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Redeemed Christian Church of God Jesus House for All Nations v. Citizenship and Immigration Services

United States District Court, E.D. Missouri, Eastern Division

March 12, 2015

The Redeemed Christian Church of God Jesus House for All Nations, Plaintiff,
v.
Citizenship and Immigration Services, Respondent.

MEMORANDUM AND ORDER

STEPHEN N. LIMBAUGH, Jr., District Judge.

This matter is before the Court on the parties' cross motions for summary judgment. The motions are ripe for disposition. For the following reasons, the Court will grant defendant's motion and deny plaintiff's motion.

I. Background

Plaintiff, a member church of The Redeemed Christian Church of God Jesus House for All Nations, filed an I-360 Petition for Amerasian, Widow(er), or Special Worker for a special immigrant religious worker visa on behalf of Olufemi Omotayo to serve as a minister for the church in St. Louis, Missouri. The petition was initially approved and later revoked. Plaintiff seeks review under the Administrative Procedure Act (APA) of the revocation of the I-360 petition. The director determined, and the Administrative Appeals Office (AAO) agreed, that the plaintiff had failed to pass a compliance review and had not submitted credible, consistent evidence regarding Omotayo's compensation. Plaintiff filed a declaratory judgment in this Court alleging the AAO's finding that plaintiff failed the compliance review and revocation of the petition was erroneous. Further, plaintiff alleges that it presented sufficient evidence in rebuttal to the allegations for revocation and for approval of the petition. Defendant, the United States Citizenship and Immigration Services (USCIS), filed a motion for summary judgment. Plaintiff filed its response to defendant's motion and filed its own motion for summary judgment, to which defendant filed a response. Each argues the record before the AAO supports its position.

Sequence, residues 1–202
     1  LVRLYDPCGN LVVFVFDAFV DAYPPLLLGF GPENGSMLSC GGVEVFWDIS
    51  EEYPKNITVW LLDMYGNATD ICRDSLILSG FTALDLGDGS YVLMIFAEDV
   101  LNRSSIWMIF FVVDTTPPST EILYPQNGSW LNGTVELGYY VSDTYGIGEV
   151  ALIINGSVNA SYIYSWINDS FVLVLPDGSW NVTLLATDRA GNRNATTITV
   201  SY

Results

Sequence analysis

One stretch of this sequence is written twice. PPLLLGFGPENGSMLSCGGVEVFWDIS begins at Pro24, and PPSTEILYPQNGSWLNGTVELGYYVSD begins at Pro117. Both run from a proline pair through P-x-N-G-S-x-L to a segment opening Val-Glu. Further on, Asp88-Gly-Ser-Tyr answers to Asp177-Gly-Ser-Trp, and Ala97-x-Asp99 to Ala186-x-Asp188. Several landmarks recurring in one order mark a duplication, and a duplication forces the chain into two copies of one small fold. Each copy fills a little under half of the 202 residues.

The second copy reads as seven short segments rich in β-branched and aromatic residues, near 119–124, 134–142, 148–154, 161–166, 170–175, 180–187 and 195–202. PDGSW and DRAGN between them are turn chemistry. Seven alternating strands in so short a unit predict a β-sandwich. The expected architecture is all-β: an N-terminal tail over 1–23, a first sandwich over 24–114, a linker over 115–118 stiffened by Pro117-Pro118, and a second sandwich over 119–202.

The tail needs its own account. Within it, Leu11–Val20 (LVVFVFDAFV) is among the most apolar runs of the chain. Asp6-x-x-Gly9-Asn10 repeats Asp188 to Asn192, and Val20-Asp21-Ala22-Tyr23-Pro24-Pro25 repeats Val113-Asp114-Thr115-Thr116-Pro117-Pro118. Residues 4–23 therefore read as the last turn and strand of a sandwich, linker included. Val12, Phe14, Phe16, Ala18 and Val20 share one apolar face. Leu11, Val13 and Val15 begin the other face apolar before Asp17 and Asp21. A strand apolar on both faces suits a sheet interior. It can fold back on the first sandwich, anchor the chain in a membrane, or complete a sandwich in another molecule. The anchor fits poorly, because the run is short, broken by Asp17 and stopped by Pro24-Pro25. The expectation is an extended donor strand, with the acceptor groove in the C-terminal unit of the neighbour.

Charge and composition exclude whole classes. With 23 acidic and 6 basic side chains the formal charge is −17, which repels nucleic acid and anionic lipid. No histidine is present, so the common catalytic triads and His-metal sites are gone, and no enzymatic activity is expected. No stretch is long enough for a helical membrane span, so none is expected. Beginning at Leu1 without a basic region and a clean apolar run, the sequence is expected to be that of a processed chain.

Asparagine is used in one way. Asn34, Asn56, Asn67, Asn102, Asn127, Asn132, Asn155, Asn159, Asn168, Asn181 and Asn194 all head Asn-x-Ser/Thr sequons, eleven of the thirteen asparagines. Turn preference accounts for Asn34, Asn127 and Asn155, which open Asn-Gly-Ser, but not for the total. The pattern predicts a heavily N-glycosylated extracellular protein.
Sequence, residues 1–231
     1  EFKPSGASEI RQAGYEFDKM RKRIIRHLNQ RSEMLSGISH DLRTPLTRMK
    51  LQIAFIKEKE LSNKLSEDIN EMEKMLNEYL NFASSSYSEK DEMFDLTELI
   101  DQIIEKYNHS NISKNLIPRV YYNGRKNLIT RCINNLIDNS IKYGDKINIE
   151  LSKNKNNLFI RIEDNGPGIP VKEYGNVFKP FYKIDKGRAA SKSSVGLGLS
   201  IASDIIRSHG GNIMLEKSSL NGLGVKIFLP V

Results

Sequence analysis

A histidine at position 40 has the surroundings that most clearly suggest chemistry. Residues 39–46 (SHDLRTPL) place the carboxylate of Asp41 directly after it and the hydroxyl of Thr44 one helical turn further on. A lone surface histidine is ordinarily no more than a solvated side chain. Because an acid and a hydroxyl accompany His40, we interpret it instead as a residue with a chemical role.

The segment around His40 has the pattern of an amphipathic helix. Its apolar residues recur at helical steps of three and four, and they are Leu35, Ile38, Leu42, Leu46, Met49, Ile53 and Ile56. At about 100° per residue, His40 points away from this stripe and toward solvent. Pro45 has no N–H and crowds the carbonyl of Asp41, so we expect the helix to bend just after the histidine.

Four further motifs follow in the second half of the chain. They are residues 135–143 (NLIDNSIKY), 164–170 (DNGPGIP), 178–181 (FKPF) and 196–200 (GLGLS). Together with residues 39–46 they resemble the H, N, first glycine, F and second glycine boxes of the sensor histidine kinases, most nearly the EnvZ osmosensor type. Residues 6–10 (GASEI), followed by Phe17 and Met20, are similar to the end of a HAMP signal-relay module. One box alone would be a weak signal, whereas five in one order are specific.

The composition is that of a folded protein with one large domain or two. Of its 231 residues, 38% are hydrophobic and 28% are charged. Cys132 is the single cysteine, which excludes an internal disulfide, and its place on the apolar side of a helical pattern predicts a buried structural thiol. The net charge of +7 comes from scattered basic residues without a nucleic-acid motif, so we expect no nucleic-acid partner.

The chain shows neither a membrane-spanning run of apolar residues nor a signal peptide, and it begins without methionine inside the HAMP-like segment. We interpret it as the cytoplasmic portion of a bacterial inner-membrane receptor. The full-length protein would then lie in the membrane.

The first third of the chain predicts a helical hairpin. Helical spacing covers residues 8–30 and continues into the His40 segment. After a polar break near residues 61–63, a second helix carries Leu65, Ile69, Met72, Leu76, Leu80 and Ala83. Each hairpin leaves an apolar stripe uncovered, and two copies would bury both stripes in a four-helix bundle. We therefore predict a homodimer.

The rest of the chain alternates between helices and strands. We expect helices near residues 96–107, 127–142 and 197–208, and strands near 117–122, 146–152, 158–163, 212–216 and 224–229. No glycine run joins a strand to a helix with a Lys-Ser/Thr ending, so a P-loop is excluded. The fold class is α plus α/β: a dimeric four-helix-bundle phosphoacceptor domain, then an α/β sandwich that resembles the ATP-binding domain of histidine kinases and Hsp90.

II. Standard of Review

Pursuant to Federal Rule of Civil Procedure 56(a), a district court may grant a motion for summary judgment if all of the information before the court demonstrates that "there is no genuine issue as to any material fact and the moving party is entitled to judgment as a matter of law." Celotex Corp. v. Catrett, 477 U.S. 317, 322 (1986). The scope of judicial review under the APA is limited. Voyageurs Nat. Park Ass'n v. Norton, 381 F.3d 759, 763 (8th Cir. 2004). "[J]udicial review under the APA is limited to the administrative record that was before the agency when it made its decision." Id. at 766. The court will uphold the agency decision unless it is "arbitrary, capricious, an abuse of discretion, or otherwise not in accordance with law." 5 U.S.C. ยง 706(2)(A); Voyageurs, 381 F.3d at 763. The standard of review requires that the court give "agency decisions a high degree of deference." Voyageurs, 381 F.3d at 763. The reviewing court considers "whether the decision was based on consideration of the relevant factors and whether there has been a clear error of judgment." Citizens to Preserve Overton Park, Inc. v. Volpe, 401 U.S. 402, 416 (1971). The reviewing court "is not empowered to substitute its judgment for that of the agency." Id. "If an agency's determination is supportable on any rational basis, the court must uphold it." Voyageurs, 381 F.3d at 763.

III. Facts

The I-360 Petition: April 15, 2002

Olufemi Omotayo is a native and citizen of Nigeria. He entered the United States on June 12, 2001, with a B-2 nonimmigrant status.[1] On June 5, 2002, plaintiff filed an I-129, Petition for Nonimmigrant Worker on behalf of Omotayo. USCIS granted that petition and, on December 5, 2002, Omotayo's status changed to R-1 nonimmigrant religious worker.[2] That status remained valid from December 5, 2002 to December 5, 2005.

On April 15, 2002, plaintiff filed an I-360 Petition for Amerasian, Widow(er), or Special Worker on Omotayo's behalf seeking classification as a special immigrant religious worker. Olufemi Akano, the church's Administrator/Secretary, submitted a letter to USCIS dated March 25, 2002 describing Omotayo's intended employment. In that letter, he indicated that Omotayo would fill the position of Pastor-in-Charge at the St. Louis church and that Omotayo would be paid $28, 000 annually exclusive of benefits, which included medical coverage, full accommodations, and use of a church vehicle.